Self-Love Is Underrated

Self-Love Is The Most Underrated Type Of Love, But It's Also The Most Important

You can only give with which you have.

117
views

The notion of love may just be one of the most intricate concepts one could ever attempt to describe. How is it that a minuscule, four-letter word, is able to possess such a powerful influence in our world? Love can be purely romantic and thoroughly unconditional, existing between intimate relationships. It's that strange feeling one experiences in the pit of their stomach at the sight of someone special. It's the emotion that overcomes a mother as she finally holds her newborn child in her arms — in other words, love at first sight. Love is the foundation of reciprocated understanding, bond, respect, and appreciation.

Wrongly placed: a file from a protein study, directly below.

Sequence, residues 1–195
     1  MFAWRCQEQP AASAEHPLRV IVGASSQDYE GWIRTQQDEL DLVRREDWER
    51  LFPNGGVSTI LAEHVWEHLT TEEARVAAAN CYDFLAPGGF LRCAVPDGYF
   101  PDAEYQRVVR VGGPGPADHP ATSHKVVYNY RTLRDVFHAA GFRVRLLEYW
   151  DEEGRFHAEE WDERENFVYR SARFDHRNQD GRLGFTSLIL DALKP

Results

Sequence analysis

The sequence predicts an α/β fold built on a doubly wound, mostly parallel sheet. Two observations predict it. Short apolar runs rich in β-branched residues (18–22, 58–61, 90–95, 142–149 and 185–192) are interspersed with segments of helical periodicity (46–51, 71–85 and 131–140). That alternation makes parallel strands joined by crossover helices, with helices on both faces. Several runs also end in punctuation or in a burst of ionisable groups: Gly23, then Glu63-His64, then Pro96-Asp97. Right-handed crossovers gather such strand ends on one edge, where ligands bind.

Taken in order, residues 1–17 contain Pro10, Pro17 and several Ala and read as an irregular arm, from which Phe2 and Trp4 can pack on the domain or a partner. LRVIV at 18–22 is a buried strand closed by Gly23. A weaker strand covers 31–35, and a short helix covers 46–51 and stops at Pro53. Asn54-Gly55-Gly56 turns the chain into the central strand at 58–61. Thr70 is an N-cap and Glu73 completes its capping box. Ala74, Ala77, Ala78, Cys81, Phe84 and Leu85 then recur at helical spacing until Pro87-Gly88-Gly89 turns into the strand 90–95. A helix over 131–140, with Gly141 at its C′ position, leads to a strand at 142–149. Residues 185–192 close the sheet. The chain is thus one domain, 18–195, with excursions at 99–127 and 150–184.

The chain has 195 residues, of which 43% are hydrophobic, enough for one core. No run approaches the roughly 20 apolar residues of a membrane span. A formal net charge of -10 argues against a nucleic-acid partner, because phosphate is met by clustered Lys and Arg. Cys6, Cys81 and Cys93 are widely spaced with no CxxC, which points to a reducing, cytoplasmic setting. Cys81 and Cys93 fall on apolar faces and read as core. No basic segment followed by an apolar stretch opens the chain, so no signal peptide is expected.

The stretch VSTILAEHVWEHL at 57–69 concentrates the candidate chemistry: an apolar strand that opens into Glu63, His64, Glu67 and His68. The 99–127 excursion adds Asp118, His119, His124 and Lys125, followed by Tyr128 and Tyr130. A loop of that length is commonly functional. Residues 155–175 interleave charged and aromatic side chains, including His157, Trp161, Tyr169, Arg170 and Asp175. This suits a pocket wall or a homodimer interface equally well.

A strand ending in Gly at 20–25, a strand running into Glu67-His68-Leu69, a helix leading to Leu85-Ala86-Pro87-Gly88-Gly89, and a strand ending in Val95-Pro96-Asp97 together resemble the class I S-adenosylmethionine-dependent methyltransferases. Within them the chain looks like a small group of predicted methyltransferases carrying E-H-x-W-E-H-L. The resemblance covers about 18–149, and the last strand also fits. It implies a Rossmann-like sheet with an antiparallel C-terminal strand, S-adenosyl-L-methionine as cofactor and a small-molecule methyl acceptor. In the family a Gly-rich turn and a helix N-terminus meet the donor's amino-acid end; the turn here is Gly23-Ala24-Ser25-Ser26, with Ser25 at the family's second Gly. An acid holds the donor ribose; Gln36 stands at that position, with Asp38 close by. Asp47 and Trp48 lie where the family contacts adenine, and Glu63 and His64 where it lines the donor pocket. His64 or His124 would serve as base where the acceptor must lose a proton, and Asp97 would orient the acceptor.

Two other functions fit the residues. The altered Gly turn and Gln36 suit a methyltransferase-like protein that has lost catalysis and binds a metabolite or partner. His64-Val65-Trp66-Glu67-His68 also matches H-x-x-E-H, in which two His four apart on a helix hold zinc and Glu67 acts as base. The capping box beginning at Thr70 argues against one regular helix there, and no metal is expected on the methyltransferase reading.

There are people who are completely nonchalant on the whole love subject, perhaps because they've never fallen in love or never went through a serious heartbreak. Even though these are the two main thoughts that initially pop up in one's mind after hearing, "What is love?" I think of self-love. This underrated type of love doesn't cross the mind of many, and I'm not sure why.

Loving yourself has to do with understanding yourself, accepting all of your unique glows and flaws, and appreciating what you've grown to become.

It is about knowing your values and your boundaries as a person. It is about being kind to yourself and taking care of your mind, your body, and your spirit. There's nothing wrong with this type of love - in fact, it's the greatest love of all. It certainly doesn't make you conceited.

You should acknowledge the fact that you are worthy of love and, most critically, you already are loved. Self-love is the riddance of self-doubt when one knows that they are worth it and that they are always good enough. Having this set, one is able to develop a stable relationship with another individual, free of skepticism, free of insecurity, free of worries and overthinking, free of inner negativity.